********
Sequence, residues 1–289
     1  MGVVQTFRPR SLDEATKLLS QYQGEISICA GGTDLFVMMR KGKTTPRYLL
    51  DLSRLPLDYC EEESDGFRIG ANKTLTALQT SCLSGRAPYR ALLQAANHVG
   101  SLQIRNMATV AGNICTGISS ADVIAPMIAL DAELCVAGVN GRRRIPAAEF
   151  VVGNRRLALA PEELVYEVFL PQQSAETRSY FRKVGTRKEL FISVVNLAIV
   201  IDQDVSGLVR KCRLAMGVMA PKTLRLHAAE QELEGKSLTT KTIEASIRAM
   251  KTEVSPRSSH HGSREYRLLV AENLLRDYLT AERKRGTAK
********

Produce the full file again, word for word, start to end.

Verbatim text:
Sequence, residues 1–289
     1  MGVVQTFRPR SLDEATKLLS QYQGEISICA GGTDLFVMMR KGKTTPRYLL
    51  DLSRLPLDYC EEESDGFRIG ANKTLTALQT SCLSGRAPYR ALLQAANHVG
   101  SLQIRNMATV AGNICTGISS ADVIAPMIAL DAELCVAGVN GRRRIPAAEF
   151  VVGNRRLALA PEELVYEVFL PQQSAETRSY FRKVGTRKEL FISVVNLAIV
   201  IDQDVSGLVR KCRLAMGVMA PKTLRLHAAE QELEGKSLTT KTIEASIRAM
   251  KTEVSPRSSH HGSREYRLLV AENLLRDYLT AERKRGTAK